In the turbulent realm of Norman England, a young nobleman discovers that his identity is the link to an incredible mystery.
Hugh Corbaille has just lost the person he cares for most in the world, his adoptive father, the Sheriff of Lincoln. While Hugh's grief is still raw, he is approached by a visiting knight with an unbelievable tale: Hugh may actually be Hugh de Leon, sole child of the Earl of Wiltshire, mysteriously abducted thirteen years before on the day of his father's murder. Despite his loyalty to the family that raised him and his reluctance to be anyone but their son, Hugh begins to believe he could indeed be the missing heir.
With no memory of his early years, Hugh sets out to find the truth. He soon unearths a web of death and intrigue beginning in the lost days of his childhood when he may have witnessed the stabbing of his birth father.
Tormented by this tragic puzzle, Hugh must turn to the mother he has never known, a court of straligers, and the young woman whose sympathy and healing are his one support, to try to piece together his splintered past and put an end to a reign of danger and deception.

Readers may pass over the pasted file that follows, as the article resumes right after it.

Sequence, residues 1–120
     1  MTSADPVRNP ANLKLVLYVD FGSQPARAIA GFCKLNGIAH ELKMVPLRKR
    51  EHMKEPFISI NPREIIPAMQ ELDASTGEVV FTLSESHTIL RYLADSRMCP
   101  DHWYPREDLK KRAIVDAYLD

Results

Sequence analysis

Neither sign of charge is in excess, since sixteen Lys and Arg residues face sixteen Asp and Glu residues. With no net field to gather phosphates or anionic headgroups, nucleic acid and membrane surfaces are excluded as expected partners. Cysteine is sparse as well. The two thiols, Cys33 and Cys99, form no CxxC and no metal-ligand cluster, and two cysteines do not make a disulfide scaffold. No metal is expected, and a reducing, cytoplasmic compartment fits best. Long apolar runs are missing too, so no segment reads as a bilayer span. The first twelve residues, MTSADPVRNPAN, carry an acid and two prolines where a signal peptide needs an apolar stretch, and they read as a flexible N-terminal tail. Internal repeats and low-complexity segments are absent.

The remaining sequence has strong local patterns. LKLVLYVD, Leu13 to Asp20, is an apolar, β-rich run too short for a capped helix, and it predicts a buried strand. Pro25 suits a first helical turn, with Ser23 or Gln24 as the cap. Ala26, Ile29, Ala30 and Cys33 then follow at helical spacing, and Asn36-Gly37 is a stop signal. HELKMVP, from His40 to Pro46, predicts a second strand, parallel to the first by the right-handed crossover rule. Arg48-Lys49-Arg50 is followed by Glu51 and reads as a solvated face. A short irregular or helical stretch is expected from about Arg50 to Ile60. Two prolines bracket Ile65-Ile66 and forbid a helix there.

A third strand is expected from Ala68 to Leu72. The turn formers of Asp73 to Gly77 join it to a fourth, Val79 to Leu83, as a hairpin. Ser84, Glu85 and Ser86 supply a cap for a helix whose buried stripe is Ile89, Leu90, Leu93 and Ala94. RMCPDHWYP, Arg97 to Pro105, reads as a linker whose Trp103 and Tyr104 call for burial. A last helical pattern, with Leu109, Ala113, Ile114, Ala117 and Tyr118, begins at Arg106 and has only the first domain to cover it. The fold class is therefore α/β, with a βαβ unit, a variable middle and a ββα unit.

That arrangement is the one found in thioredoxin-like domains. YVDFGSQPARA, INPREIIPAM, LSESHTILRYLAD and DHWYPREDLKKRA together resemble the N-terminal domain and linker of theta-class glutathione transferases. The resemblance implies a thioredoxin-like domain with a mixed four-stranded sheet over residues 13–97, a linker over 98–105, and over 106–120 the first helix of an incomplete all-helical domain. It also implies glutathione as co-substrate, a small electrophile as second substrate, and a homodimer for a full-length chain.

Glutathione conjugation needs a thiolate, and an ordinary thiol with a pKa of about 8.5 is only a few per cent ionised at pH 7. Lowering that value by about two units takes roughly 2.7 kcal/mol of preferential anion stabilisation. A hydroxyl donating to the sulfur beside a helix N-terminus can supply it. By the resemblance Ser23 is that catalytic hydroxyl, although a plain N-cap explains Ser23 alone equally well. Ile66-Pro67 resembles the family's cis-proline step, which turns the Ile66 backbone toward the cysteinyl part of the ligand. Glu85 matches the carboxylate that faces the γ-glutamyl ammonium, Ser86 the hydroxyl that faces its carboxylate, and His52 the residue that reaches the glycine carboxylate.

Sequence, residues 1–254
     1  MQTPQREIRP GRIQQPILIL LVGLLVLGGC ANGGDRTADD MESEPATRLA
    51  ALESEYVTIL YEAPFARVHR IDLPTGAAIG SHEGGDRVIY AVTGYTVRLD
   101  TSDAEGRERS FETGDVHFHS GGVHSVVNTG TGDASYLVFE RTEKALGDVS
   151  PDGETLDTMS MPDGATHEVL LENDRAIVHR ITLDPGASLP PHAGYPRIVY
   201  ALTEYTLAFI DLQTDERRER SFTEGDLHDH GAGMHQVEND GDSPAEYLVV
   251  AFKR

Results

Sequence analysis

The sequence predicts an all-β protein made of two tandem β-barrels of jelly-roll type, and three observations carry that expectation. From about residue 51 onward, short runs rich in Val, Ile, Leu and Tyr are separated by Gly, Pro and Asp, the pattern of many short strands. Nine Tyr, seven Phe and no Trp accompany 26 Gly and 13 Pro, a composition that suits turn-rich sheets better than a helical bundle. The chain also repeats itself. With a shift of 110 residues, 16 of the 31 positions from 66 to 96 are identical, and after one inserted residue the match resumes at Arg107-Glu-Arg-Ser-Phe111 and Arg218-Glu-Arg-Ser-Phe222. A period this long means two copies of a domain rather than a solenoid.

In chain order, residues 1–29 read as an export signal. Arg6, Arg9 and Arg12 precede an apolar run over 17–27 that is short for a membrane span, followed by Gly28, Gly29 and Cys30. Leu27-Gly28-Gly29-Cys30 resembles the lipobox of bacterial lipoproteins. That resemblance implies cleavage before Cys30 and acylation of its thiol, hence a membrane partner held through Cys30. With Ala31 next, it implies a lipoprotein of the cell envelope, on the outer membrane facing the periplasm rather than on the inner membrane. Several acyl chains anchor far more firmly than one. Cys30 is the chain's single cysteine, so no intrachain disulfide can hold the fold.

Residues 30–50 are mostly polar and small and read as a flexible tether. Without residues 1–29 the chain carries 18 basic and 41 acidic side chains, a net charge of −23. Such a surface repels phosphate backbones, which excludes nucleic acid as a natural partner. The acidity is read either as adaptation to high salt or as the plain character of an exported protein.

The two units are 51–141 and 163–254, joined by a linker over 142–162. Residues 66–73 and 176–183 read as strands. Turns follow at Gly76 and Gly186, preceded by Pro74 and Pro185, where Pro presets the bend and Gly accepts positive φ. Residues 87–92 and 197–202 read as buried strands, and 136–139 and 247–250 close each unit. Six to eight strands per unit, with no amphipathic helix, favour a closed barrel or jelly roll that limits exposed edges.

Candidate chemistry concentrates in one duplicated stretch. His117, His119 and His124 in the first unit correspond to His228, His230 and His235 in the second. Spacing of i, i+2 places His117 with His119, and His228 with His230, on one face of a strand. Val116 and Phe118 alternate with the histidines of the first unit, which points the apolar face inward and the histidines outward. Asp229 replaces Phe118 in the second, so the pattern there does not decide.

In No Dark Place, award-winning novelist Joan Wolf spins all all-absorbing medieval mystery of violent ambitions, inescapable bonds, and searing dreams of final justice.
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How much do you know about 12th-century Norman England? After reading Joan Wolf's perfectly balanced blend of research and imagination, you'll know a lot more. This historical mystery allows us to slip under the skin of a period and its people.
Wolf, best known for her historical romance novels, chooses the setting of her first mystery with care. Norman England was one of those pivotal periods when the old world and the new both clashed and coexisted, when ancient tales of witchcraft could still freeze the blood of even the most modern-thinking men and women.
When 20-year-old Hugh Corbaille loses his beloved adoptive father, the Sheriff of Lincoln, his world becomes dark and saddened. When he is told soon afterward that he may actually be Hugh de Leon, son and heir to the late earl of Wiltshire, his world explodes into a contradiction of doubt and danger--the earl had been murdered on the same day that his young son disappeared 14 years before. Hugh has no memories of his life before his adoption, but a sympathetic woman healer helps him recover pieces from his past--including his presence at Wiltshire's murder. --Dick AdlerAbout the Author:
Joan Wolf lives in Milford, Connecticut with her husband and two children. Inher spare time she rides her horse, walks her dog, and roots fanatically for theNew York Yankees and UConn basketball.
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